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The other side of the fence - Views on News from Equitymaster
 
 
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  • Oct 10, 2000

    The other side of the fence

    To many of us, the news of a well established MNC in India setting up a 100% subsidiary immediately raises our hackles and provokes strong anti-MNC feelings. The market immediately de-rates the local subsidiary/affiliate listed stock in our markets as it perceives (and rightly so) lower growth opportunities for the listed company. While this phenomenon may not yet be widespread, the coming years could see more such cases. On the other hand, if valuations of the listed companies fall significantly, MNCs may instead choose to increase its stake in the listed company through market purchases. Since many of the listed MNCs are in the fast moving consumer goods (FMCG) sector, let us look at that sector globally, in particular the food sector.

    The food sector is considered a mature sector, especially in developed markets where growth in excess of 3-4% is considered very good and often very difficult to achieve. For e.g. Nestle has, over the last ten years, been able to exceed a 4% volume growth, only a couple of time, the most recent being in the current year. Unilever, on the other hand, has not been able to come close to that in recent times and in fact, talks of a ‘path to growth’ target of 5% only by the year 2004. Price increases are virtually negligible, generally below inflation or non-existent in some cases.

    There is also pressure from retail consolidation in many of these markets with retail chains increasingly flexing their bargaining power. The convergence to a single cash currency in Euro land by 2002 isn’t going to help matters either. Some industry analysts are predicting manufacturer prices to fall further as a result. Many of these MNCs are under a great deal of pressure from shareholders to deliver growth. While acquisitions are one way to boost growth if organic growth is flagging, these definitely do not come cheap. Some recent acquisitions in the food & beverage sector have been done at a 3x price/sales, the acquirers themselves trading at 1-1.5x price/sales. Also, to boost earnings, some of the companies have resorted to aggressive share buybacks, which has helped somewhat in drawing attention away from the tepid growth in operations.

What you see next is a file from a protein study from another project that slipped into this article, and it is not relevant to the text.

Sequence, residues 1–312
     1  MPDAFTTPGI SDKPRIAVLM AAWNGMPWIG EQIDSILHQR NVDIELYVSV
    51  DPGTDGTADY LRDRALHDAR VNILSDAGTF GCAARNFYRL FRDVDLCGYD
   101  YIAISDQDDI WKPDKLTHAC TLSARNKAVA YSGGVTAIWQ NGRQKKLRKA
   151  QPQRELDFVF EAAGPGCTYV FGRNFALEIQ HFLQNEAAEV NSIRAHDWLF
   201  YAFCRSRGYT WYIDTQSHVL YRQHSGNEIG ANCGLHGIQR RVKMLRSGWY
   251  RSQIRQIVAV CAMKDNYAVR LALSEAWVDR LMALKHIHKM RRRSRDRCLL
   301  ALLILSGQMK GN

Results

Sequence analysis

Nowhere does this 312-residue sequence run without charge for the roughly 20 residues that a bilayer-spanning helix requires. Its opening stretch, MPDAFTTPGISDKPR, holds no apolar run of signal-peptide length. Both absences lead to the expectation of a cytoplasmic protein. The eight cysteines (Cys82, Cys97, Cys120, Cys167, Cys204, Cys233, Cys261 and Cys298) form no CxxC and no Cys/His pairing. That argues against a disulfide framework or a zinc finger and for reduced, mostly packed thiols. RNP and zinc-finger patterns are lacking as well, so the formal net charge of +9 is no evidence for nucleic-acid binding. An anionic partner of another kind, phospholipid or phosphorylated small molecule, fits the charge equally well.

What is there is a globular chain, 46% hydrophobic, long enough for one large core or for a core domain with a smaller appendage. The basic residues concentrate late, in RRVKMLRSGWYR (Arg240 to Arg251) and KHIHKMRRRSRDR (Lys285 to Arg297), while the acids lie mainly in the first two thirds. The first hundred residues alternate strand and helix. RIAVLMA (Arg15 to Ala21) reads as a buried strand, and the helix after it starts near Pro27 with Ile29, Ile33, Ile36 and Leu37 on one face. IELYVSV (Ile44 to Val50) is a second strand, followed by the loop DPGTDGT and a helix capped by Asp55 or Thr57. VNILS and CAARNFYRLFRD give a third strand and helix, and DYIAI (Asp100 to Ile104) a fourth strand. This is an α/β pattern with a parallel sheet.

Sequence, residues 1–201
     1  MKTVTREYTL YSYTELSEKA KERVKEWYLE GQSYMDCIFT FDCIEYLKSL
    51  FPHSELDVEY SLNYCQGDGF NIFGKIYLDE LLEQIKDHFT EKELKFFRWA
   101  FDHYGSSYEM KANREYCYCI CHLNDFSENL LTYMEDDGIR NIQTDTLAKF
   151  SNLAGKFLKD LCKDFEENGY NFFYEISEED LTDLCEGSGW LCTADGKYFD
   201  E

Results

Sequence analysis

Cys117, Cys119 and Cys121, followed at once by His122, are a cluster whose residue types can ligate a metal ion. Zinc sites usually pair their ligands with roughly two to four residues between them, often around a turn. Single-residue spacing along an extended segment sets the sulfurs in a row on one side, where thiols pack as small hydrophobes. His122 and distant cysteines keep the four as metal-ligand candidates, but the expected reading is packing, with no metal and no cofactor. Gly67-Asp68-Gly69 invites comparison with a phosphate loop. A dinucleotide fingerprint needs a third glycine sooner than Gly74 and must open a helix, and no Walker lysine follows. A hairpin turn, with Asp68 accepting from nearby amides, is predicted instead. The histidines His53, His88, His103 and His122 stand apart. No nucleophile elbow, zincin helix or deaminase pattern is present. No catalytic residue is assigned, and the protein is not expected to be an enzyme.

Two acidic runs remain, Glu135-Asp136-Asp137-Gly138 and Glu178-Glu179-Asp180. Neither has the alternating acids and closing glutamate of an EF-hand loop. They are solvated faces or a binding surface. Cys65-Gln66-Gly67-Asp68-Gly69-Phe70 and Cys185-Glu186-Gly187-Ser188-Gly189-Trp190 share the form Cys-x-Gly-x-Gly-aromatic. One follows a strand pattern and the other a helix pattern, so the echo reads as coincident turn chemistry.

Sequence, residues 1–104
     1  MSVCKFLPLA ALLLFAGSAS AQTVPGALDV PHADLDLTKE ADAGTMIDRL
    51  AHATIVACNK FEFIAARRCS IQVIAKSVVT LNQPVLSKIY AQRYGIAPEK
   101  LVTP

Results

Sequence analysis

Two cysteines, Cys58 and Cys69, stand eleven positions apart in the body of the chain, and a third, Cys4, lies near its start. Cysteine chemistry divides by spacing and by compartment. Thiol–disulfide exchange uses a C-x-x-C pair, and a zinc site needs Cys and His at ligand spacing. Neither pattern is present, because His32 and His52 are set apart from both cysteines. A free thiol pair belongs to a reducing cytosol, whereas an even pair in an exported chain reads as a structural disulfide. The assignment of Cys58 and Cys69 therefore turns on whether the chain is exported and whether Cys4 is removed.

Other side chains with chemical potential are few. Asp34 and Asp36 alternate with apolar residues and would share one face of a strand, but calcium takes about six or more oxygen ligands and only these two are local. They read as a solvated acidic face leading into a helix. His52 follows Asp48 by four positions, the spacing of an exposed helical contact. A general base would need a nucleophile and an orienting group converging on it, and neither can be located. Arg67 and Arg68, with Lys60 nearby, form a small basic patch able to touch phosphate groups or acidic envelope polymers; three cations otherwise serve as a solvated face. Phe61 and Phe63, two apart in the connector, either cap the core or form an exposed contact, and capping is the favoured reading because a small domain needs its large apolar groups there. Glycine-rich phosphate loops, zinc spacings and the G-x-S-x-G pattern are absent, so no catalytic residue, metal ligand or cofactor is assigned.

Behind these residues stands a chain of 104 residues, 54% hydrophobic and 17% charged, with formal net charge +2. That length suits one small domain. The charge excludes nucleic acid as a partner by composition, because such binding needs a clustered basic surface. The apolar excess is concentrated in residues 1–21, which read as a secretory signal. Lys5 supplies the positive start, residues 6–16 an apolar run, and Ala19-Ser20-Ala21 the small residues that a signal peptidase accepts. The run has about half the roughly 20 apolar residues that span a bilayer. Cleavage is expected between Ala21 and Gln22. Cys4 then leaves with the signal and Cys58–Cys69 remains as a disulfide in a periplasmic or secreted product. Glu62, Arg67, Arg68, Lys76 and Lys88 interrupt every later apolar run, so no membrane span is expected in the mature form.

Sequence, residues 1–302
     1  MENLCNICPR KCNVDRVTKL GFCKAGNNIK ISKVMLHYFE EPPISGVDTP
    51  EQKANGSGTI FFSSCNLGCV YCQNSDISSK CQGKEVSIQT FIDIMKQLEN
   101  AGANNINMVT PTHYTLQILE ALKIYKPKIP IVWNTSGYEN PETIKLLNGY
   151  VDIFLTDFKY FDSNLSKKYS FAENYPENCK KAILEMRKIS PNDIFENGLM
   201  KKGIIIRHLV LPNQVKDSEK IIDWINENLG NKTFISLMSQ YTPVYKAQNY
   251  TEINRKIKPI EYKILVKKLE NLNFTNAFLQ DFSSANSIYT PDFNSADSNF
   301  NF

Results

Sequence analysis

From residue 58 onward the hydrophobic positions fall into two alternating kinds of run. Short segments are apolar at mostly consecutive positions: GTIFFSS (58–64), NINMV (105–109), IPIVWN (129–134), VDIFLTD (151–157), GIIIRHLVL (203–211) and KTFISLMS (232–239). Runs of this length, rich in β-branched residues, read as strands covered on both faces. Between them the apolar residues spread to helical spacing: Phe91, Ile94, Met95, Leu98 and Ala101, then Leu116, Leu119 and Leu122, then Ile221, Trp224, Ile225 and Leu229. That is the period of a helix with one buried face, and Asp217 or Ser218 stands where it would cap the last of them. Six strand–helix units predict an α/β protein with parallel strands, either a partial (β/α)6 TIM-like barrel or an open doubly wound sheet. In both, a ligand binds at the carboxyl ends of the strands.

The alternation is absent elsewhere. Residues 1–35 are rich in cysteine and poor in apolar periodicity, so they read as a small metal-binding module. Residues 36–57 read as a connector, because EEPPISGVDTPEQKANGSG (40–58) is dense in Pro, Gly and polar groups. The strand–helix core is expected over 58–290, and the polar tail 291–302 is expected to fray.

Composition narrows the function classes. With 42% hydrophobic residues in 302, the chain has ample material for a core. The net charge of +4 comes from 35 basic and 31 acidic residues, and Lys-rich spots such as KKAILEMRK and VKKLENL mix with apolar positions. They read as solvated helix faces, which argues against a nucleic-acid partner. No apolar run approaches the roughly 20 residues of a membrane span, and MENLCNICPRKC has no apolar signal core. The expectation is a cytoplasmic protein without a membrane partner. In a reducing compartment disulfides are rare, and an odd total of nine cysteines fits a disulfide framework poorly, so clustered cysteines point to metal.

However, the long term solution for many of these companies is to deliver growth and hence the increasing focus on emerging markets. This is where the growth lies as many of the MNC food companies have registered double digit or high single digit growth rates in many product categories in these markets. In many emerging countries, the MNC parent has been able to set up 100% or well over 60%-80% owned entities. Some such cases are in the East European and Latin American countries. In consolidation, this helps to capture most of the profitability derived from these high growth countries as there is little or negligible minority interest. On an ongoing basis, some of the MNCs are also progressively buying out the minority stakes in entities and thereby increasing their stake closer to 100%.

    In India, the picture is a little different and the MNC ownership in the Indian affiliate/subsidiary is among the lowest as indicated by the list of group company investments in their respective annual reports. Most MNCs have had a long operating history and had to go through the FERA dilution phase, where they had to compulsorily dilute their holdings to 40% and below. Subsequently, however that picture altered with many MNCs re-hiking their stake in the Indian operations to 51%. Given the local market distaste for 100% subsidiaries, it is possible that atleast the well established MNCs in India will prefer to increase their stake in the listed entity at opportune prices rather than put up a new 100% subsidiary. But who knows?

     

     

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